Navigation Links
Tumor growth and chemo response may be predicted by mathematical model
Date:5/18/2009

The aggressiveness of tumors and their susceptibility to chemotherapy may become easier to predict based on a mathematical model developed at The University of Texas Health Science Center at Houston.

In spite of extensive experimental and clinical studies, the process of cancer growth is not well understood. Tumors are complex systems, with changes at the molecular and cellular levels influencing shape and behavior in sometimes unpredictable ways. New research by a scientist in mathematical oncology at the UT Health Science Center at Houston suggests that mathematical modeling based on data from the molecular and cellular levels could shed light on tumor development and lead to better treatments.

Cancer is the second most common cause of death in the United States, exceeded only by heart disease, according to the American Cancer Society.

At the 100th annual meeting of the American Association for Cancer Research in Denver this spring, Vittorio Cristini, Ph.D., an associate professor of health informatics at The University of Texas School of Health Information Sciences at Houston, demonstrated the predictability of tumor growth in brain cancer and chemotherapy response in breast cancer. Findings appear in two different papers in the May 15 print issue of the association's peer-reviewed journal Cancer Research.

The mathematical model developed by Cristini's lab works by defining tumor biologic and molecular properties relating to laboratory and clinical observations of cancers. In this model, the behavior of cancer cells and their surroundings is linked to tumor growth, shape and treatment response.

"The central finding of this work is that tumor growth and invasion are not erratic or unpredictable, or solely explained through genomic and molecular events, but rather are predictable processes obeying biophysical laws," the authors wrote in the paper addressing predictability of tumor growth in brain cancer.

Tumors obtain nutrients and oxygen by harnessing the surrounding blood vessels and making new vessels. Since there typically aren't enough nutrients and oxygen to support tumor cells, an uneven distribution of these substances is created inside and around the tumor mass, Cristini said.

The research of Cristini and colleagues, who worked in collaboration with Elaine L. Bearer, M.D., Ph.D., professor at the Brown School of Medicine, suggests that tumor growth and invasion could be predicted by using biophysical laws that link the effects of the uneven distribution of cell nutrients and oxygen to overall tumor behavior.

For different values of the input parameters, the model consistently reproduced the patterns of tumor invasion observed in experiments and in patient tumors, Cristini said. The patterns were regulated by changes in cellular characteristics, causing more aggressive tumor cells to invade the healthy tissue. As cancer cells invade and replicate themselves, they make the tumor shape unstable and more invasive. The model correctly predicted the different types of invasion under a variety of conditions.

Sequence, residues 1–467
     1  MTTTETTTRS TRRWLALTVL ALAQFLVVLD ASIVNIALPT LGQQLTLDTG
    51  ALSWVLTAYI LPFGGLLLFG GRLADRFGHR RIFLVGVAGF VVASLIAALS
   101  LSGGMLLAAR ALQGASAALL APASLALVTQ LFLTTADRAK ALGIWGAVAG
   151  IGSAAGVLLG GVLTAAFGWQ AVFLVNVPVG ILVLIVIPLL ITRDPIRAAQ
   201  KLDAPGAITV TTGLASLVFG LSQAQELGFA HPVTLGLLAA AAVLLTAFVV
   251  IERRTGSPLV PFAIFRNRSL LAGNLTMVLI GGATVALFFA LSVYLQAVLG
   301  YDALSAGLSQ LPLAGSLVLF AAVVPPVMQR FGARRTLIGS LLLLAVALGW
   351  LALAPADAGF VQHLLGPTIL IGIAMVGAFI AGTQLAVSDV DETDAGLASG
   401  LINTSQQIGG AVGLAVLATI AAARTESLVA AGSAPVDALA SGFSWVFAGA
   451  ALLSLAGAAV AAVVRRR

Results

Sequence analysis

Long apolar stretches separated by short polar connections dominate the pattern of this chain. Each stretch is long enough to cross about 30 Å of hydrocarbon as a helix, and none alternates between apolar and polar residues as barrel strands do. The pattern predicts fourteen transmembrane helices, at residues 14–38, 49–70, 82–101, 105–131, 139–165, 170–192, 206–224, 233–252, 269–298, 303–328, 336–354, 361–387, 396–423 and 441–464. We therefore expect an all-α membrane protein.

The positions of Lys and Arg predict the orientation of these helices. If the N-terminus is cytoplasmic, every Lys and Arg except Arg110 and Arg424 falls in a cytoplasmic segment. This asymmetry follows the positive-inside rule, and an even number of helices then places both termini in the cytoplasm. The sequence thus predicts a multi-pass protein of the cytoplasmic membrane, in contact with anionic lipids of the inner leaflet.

The model further predicted that the different forms of cancer invasion correspond to different stages of tumor progression, Cristini said. In regions of low oxygen, these changes may include a slowdown in cell replication and heightened cell migration, which can result in a "single-cell file" invasion pattern. As cells aggregate in regions that have better access to nutrients and oxygen, migration is lessened and cell replication is resumed. This leads to the formation of wave-like patterns of cell rearrangements at the tumor boundary and the formation of round infiltrative "fingers" that can detach from the tumor as clusters of cells.

In the second paper, working in collaboration with Mary Edgerton, M.D., Ph.D., associate professor of pathology at The University of Texas M. D. Anderson Cancer Center, the researchers used the mathematical model to successfully predict the effects of doxorubicin on breast tumor growth. The model incorporates information gleaned from cancer cells grown in the laboratory to determine whether a prescribed drug will reach the tumor in sufficient quantities to kill the malignant cells. "We seek to improve the precision of prescribing chemotherapeutic drugs, since it is sometimes hard to tell which will work and which will not, and what the optimal dose is for a particular patient," said Hermann Frieboes, Ph.D., lead author of the chemotherapy study and a post doctoral fellow at the UT School of Health Information Sciences.